Singapore University of Social Sciences

Transforming Work

Transforming Work (SCO105)

Applications Open: To be confirmed

Applications Close: To be confirmed

Next Available Intake: To be confirmed

Course Types: To be confirmed

Language: English

Duration: 6 months

Fees: To be confirmed

Area of Interest: Others

Schemes: To be confirmed

Funding: To be confirmed

School/Department: College of Lifelong & Experiential Learning


Synopsis

The nature of work and our perceptions about work have changed considerably with globalisationand technological advancements. Not only have many traditional jobs been phased out or substitutedby automation, jobs created in the new economy also need to adapt to flexible work hours, multipleand borderless work locations, and contingent employment (e.g., contract work and freelancing).This course brings students through the changing nature and design of work, to a consideration ofthe future of work. It allows them to reflect on the significance of work and labour, with attentionpaid to workers who provide goods and services essential to the functioning of society, considerissues of inequality and precarity, and evaluate the impact of acquiring life-long skills whileproviding a spotlight on work contexts in Singapore and the ASEAN region.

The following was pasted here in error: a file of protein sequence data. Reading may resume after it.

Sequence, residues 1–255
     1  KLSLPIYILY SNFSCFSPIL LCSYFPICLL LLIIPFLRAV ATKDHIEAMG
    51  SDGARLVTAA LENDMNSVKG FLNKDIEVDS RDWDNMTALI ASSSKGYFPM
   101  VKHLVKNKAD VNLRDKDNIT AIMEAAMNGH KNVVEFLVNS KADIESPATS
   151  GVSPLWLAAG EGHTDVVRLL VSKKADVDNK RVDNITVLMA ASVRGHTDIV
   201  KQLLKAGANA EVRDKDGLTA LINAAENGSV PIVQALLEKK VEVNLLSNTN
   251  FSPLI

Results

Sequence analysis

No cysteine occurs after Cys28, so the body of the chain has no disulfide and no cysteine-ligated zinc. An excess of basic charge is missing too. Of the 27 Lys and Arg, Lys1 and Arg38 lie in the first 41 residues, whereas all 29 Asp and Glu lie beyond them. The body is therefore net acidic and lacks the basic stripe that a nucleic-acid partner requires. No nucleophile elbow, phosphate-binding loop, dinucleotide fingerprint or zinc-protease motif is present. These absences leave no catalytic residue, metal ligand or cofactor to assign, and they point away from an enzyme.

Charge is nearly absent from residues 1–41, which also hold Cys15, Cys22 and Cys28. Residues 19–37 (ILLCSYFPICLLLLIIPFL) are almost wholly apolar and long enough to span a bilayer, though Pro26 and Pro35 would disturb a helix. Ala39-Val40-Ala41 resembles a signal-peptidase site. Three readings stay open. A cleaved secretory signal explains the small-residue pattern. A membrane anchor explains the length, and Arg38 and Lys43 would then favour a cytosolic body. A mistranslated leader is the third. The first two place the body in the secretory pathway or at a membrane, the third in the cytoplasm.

Level: 1
Credit Units: 2.5
Presentation Pattern: Every semester

Topics

  • Hierarchies of work and occupation in different labour contexts
  • Labour as an extension of the worker: effort and property
  • The Alienation of Labour
  • Machines and the Future of Work
  • Work, Diversity and Inequality
  • New Forms of Work

Learning Outcome

  • Outline the evolving nature and design of work and workplace.
  • State the impacts of technology and globalisation on the nature and design of work.
  • Explain the effects of work through a sociological perspective.
  • Discuss the value of work in contemporary society.
  • Describe the nature and perception of work in local contexts.
  • Show how socio-economic factors affect the work of foreign and local workers in Singapore.
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